What Is Beeswax
Honeybees Create Beeswax
Scientifically speaking, beeswax is a natural substance secreted by worker honey bees (female honey bees) from glands on the underside of their abdomens. This secreted beeswax is known as a beeswax scale. A single beeswax scale is roughly 3 millimeters in diameter and just 1/10th of a millimeter in thickness; it takes roughly 1000 - 2000 of these scales to make just a single gram of beeswax.
That means it takes an enormous 500,000 to 1,000,000 scales to make a single pound of beeswax, the same amount of beeswax used in a 3" x 4" beeswax pillar candle! Some reports mention it can even take up to 2,000,000 scales to make a pound of beeswax; this would mean the scales are a bit smaller than average.
Beeswax Is Born Translucent
In its most pure natural form beeswax is actually white, or translucent, depending on the thickness of the beeswax scales. This wax thickness is generally relative to the age of the worker bee, younger and older bees tend to have thinner scales, while a perfect middle aged worker bee has the most efficient and thicker beeswax scale.
Before the wax secretion can take place the hive temperature needs to be around 97 degrees Fahrenheit. Most wax production in the US occurs from April to June because the queens are laying more eggs to keep the colony strong, and because nectar flow, which eventually becomes honey, is high and the bees need storage space.
A Closer Look At The Beeswax Scale
The Honeybee Of Commerce
While there are 4 species of honey bees around the world, it is generally the species known as Apis mellifera that produces most of the beeswax humans use today. Some refer to this species as the honey bee of commerce.
The 3 other species of honey bees produce small amounts of honey and wax also, but are less easy to work with and often not used in most instances. Other types of bees (including bumble bees) produce wax too, though it is in such minute quantities as to be generally unusable for humans to harvest.
Wax scales are formed on the anterior part of each of the last four normal sternites (sternal plates), found on segments 4, 5, 6, and 7 of the abdomen of the worker honey bee. Eight wax glands are located over these sternal plates of the abdomen (4 on each side). The wax is secreted as a liquid and solidifies into scales upon contact with the plates.
It Takes Honey To Make Beeswax
Bees feed on their honey in order to produce beeswax scales. Studies varies slightly, but on average it takes the consumption of roughly a ratio of eight to ten parts honey to make one part beeswax. While secreting the wax bees do no other work in the hive. Worker honey bees use this secreted wax to assemble their elegantly designed honeycomb, the image most people conjure when they think of bees and honey.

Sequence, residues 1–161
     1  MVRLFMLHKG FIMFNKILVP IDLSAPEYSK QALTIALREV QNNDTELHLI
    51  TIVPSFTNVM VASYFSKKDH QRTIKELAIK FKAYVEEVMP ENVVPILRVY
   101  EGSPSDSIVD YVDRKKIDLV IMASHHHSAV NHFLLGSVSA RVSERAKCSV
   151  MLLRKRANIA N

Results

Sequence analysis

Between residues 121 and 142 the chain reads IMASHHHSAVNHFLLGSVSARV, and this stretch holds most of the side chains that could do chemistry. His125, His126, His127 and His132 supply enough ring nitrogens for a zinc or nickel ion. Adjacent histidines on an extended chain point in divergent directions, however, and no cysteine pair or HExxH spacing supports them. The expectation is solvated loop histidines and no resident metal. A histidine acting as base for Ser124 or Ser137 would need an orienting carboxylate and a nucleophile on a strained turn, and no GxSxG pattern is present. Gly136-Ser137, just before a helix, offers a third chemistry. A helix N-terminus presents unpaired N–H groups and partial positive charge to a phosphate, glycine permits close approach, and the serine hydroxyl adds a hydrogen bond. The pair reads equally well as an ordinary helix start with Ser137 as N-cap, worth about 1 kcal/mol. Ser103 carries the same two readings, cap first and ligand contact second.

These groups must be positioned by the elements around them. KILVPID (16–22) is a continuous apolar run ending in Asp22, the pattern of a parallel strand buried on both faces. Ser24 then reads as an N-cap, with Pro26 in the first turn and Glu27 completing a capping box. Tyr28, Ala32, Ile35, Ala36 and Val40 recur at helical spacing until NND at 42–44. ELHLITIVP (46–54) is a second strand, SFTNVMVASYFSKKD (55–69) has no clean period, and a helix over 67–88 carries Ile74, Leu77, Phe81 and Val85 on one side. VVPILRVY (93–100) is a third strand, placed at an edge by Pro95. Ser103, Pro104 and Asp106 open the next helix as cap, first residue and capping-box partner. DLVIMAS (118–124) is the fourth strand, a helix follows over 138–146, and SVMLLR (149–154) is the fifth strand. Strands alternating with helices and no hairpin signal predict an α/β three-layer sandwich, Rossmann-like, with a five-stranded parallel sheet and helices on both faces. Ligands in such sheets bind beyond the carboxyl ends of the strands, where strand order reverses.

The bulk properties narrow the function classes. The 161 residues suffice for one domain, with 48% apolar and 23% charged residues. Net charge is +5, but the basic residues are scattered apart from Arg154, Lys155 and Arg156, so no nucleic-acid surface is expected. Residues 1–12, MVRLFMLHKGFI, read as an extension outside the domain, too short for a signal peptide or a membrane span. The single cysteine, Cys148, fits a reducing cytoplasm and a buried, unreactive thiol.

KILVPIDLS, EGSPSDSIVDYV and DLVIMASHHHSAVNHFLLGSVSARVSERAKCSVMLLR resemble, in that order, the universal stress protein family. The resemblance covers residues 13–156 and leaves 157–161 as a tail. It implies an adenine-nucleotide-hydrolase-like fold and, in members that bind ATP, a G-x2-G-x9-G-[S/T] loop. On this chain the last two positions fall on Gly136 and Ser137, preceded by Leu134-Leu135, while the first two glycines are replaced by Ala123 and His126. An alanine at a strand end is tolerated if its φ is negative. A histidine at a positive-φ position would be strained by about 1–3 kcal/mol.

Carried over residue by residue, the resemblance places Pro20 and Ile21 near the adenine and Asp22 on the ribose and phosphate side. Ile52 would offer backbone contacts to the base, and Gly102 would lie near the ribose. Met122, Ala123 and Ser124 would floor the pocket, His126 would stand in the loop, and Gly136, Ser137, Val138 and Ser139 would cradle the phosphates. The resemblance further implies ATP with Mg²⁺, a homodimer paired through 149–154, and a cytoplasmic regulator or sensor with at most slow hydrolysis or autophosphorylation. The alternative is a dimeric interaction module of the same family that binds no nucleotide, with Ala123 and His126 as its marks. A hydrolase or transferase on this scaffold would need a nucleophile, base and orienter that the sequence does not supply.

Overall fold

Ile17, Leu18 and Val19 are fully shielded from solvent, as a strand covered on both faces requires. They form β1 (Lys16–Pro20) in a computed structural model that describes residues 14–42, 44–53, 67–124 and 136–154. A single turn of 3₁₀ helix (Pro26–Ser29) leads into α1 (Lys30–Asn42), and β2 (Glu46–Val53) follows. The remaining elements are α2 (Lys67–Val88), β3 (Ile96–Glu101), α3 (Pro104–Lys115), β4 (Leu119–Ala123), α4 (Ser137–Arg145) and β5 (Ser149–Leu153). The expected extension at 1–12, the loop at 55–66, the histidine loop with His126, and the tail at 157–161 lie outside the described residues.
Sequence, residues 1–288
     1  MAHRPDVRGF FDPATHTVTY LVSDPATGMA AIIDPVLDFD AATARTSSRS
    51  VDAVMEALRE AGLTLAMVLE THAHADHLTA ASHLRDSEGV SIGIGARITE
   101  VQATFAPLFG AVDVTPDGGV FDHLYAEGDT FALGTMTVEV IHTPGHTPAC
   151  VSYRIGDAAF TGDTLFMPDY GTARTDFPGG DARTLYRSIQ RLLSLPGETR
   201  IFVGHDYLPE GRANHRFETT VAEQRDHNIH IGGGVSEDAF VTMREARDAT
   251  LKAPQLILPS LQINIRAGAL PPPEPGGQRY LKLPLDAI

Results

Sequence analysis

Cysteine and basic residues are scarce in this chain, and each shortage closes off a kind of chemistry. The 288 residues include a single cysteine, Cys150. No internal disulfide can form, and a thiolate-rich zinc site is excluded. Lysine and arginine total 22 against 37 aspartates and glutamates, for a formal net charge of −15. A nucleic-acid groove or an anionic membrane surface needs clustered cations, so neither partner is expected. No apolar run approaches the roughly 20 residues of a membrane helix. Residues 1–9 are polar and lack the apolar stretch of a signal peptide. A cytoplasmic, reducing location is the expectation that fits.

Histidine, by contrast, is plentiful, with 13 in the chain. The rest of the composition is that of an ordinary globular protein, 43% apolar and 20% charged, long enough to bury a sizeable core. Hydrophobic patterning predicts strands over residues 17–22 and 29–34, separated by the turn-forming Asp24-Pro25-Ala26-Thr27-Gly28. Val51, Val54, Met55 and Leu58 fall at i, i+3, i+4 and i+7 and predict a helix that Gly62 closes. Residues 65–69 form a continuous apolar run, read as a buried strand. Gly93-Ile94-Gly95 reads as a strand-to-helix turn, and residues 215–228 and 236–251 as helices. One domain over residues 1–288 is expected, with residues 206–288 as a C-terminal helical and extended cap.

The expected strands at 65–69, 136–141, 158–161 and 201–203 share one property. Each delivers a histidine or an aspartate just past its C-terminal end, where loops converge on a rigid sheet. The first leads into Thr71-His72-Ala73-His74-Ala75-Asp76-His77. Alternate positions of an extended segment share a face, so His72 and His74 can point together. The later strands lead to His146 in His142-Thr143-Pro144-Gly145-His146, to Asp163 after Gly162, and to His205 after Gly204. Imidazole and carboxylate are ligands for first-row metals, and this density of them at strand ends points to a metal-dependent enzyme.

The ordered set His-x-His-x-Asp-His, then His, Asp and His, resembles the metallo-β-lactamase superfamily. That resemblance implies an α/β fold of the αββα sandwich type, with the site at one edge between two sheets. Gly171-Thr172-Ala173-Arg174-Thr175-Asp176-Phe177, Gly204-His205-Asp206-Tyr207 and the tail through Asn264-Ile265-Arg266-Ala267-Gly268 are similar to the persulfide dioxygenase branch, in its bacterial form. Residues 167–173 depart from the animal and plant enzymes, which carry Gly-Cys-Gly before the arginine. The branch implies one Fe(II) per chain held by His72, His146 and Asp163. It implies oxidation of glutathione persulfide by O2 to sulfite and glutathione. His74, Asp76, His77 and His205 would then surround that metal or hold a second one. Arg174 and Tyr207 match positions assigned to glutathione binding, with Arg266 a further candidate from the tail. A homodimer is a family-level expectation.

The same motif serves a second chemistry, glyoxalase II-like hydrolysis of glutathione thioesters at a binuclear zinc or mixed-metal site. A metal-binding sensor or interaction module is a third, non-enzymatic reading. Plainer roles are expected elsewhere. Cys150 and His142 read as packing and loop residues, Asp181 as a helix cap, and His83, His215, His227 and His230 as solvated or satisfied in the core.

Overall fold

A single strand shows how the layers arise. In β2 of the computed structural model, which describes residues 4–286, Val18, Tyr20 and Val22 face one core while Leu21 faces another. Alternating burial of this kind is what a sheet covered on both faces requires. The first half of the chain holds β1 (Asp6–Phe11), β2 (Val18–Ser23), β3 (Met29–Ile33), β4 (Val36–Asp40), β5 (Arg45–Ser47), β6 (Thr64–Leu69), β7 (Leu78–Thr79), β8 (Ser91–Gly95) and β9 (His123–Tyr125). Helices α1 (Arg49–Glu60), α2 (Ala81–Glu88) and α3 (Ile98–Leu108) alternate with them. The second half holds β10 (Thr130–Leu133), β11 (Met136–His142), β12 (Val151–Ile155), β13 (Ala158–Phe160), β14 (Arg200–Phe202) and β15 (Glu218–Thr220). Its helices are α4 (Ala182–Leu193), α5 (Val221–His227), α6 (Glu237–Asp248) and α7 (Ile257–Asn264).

The honeycomb shape (6 sided) is structurally stronger than a square or circle shape. The beeswax honeycomb is a most vital foundation for all bee colonies; this honeycomb is used by the honey bees to store their young (larvae), as well as an efficient storage area for their honey and pollen.
Golden Yellow Beeswax
The beeswax most people are familiar with is a light golden yellow color. This beautiful color is achieved from the pollen and propolis that naturally stain the beeswax. If excessive amounts of pollen oils and propolis are present in the beeswax it can even become a dark brown.
When you see white beeswax candles the pollen and propolis has been removed from the beeswax. White beeswax is achieved either naturally or with the use of chemicals (bleach or hydrogen peroxide are common methods). Using chemicals to "bleach" beeswax is common for cosmetic applications, though most reputable beeswax candle manufactures use non-chemical methods to remove pollen and propolis to acquire a white beeswax.
Physical Characteristics of Beeswax
Beeswax Is Unique
Beeswax is a special material, something man is incapable of replicating. It is somewhat brittle at low temperatures, and soft and malleable at warmer temperatures. It starts to become soft around 90 to 95 degrees Fahrenheit; its melting point is between 143 to 150 degrees Fahrenheit.
Beeswax is a very stable material. Researchers and archaeologists have discovered beeswax thousands of years old (in pyramids for example) and pointed out very little deterioration, being nearly similar to beeswax that is produced today. Beeswax is insoluble in water, in fact it's been brought up from ship wrecks after years under salt water and is still in good condition.
A harmless whitish substance known as bloom will first start appear on beeswax over time, usually a few weeks to a few months. Bloom will continue to increase on beeswax (however slightly) as years pass if left untouched. Many people consider bloom to be attractive, with its frosty white appearance.
Chemical Makeup of Beeswax
Viewed chemically, beeswax is essentially a combination of many long chain molecules. Beeswax consists of more than 300 components, though surprisingly pure beeswax is made of only three elements: carbon, hydrogen, and oxygen (all of which are available from the honey that bees consume).
The chemical formula of beeswax is: C15 H31 CO2 C30 H61
Out of these 300 components about 50 of them contribute to the wonderful honey scent so many people enjoy. Unfortunately the exact chemical composition of beeswax is not fully known, partially due to trade secrecy and lack of analytical testing in the field.
The following chart, composition of beeswax, is from a paper by Tulloch:
|Constituent Fractions||Number of Components in Fractions|
|* Major components are those forming more than one percent of the fraction; for minor components (forming less than one percent) only estimated numbers are given.|